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    1796 Capped Bust Left Quarter Eagle, XF45
    First Year of Denomination
    Popular Single-Year, No Stars Type, BD-2

    1796 $2 1/2 No Stars on Obverse, BD-2, R.4, XF45 PCGS. Bass-Dannreuther Die State d/b. The year 1796 ranks among the most crucial and important of the fledging Philadelphia Mint. Its first director, David Rittenhouse, died in that city on June 26, at the age of 64, having established and led the institution for about three years before resigning in June 1795 because of ill health. Two famous future numismatic figures were also born during the year -- Col. Mendes I. Cohen and Charles Cushing Wright -- while at the Mint, a treasure trove of one-year rarities was created.

    Equally important to understanding American numismatics in 1796 is the realization that this was the first year that the Mint struck every authorized denomination, including two copper denominations, five silver issues, and the gold quarter eagle, half eagle, and eagle. Many of those issues are today rarities, if not outright keys to their respective series. The 1796 No Stars quarter eagle merits special status as a first-year and one-year type, honors it shares with the 1796 quarter dollar. But while the 1796 quarter is a one-year type because no more were coined until 1804, the quarter eagle saw the addition of stars around the obverse rim on some of the 1796-dated pieces, making both quarter eagle variants one-year types -- the former as the only No Stars issue, the latter as the only quarter eagle with 16 obverse stars.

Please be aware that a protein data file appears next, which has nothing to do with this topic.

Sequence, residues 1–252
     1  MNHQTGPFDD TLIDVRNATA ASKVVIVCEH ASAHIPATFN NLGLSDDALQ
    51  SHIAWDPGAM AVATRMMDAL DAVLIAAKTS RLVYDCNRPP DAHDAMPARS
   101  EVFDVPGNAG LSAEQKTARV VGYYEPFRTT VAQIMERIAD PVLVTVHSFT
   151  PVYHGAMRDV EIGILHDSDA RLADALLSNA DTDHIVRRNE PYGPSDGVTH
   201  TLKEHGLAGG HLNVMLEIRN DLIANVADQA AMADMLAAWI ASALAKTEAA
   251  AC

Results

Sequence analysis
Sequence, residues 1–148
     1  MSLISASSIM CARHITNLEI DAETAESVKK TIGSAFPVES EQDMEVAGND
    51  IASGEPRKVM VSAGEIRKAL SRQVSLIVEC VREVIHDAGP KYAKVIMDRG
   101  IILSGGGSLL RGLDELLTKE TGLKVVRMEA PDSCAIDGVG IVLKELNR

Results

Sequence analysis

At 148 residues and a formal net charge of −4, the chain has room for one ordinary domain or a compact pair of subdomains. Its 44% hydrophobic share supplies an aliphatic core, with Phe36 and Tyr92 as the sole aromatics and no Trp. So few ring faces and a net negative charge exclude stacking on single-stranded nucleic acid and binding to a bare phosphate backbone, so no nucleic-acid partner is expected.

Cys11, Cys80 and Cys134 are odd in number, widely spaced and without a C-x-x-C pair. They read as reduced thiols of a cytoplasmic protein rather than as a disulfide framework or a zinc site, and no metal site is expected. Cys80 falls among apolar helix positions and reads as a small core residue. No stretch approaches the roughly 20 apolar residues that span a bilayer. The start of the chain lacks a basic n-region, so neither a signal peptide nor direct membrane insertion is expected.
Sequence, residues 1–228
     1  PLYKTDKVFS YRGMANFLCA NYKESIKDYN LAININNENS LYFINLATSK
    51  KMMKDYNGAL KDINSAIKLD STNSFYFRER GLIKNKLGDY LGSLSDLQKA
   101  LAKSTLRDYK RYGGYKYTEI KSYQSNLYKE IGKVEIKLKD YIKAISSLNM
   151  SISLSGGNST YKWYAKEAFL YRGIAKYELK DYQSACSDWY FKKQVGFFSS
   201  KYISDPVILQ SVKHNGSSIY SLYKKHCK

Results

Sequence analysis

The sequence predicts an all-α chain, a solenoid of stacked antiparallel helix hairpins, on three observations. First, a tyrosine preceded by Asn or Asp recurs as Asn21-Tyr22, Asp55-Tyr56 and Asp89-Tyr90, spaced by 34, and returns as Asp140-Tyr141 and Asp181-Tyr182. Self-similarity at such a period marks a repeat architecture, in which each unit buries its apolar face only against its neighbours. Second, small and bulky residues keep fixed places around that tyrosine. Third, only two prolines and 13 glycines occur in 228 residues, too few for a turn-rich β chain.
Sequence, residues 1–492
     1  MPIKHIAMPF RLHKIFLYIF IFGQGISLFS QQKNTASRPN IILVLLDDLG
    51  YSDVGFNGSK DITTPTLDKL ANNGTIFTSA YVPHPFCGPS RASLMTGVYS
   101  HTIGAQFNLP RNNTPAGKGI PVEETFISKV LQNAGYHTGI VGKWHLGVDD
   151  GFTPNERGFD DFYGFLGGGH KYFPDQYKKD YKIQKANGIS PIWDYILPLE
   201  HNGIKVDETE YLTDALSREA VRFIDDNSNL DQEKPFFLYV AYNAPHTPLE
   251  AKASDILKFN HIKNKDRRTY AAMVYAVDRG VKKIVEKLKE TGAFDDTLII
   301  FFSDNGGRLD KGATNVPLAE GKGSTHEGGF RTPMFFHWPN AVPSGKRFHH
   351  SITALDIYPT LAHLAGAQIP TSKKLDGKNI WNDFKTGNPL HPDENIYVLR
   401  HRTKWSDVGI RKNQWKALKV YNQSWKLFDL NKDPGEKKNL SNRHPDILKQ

The present coin is an attractive Choice XF specimen that shows only light wear on the well-detailed elements. Some design definition is slightly incomplete due to die lapping in areas like the bottom curls. The pleasing antique-gold surfaces show only a few minor abrasions, with a couple of small, Mint-related lint marks, one in the lower right obverse field and the other near the L in LIBERTY. There is also a small planchet flaw beneath the 9 in the date, visible with a loupe. Prooflike reflectivity is evident in sheltered areas, adding to the substantial natural eye appeal of this important early gold type. (NGC ID# 25F2, Variety PCGS# 45501, Base PCGS# 7645)

    Weight: 4.37 grams

    Metal: 91.67% Gold, 8.33% Copper

    Learn more at the Newman Numismatic Portal at Washington University in St. Louis.

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